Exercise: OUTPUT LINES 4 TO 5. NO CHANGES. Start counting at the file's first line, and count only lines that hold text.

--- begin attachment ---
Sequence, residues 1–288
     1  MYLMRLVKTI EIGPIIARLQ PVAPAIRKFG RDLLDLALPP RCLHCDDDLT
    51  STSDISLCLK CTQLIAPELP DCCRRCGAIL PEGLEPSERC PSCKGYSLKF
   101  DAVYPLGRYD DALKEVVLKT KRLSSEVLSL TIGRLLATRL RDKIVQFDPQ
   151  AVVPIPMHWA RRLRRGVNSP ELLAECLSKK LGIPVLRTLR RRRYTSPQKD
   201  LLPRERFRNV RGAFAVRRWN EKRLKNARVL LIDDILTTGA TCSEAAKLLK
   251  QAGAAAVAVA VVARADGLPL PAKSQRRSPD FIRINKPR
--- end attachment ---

   101  DAVYPLGRYD DALKEVVLKT KRLSSEVLSL TIGRLLATRL RDKIVQFDPQ
   151  AVVPIPMHWA RRLRRGVNSP ELLAECLSKK LGIPVLRTLR RRRYTSPQKD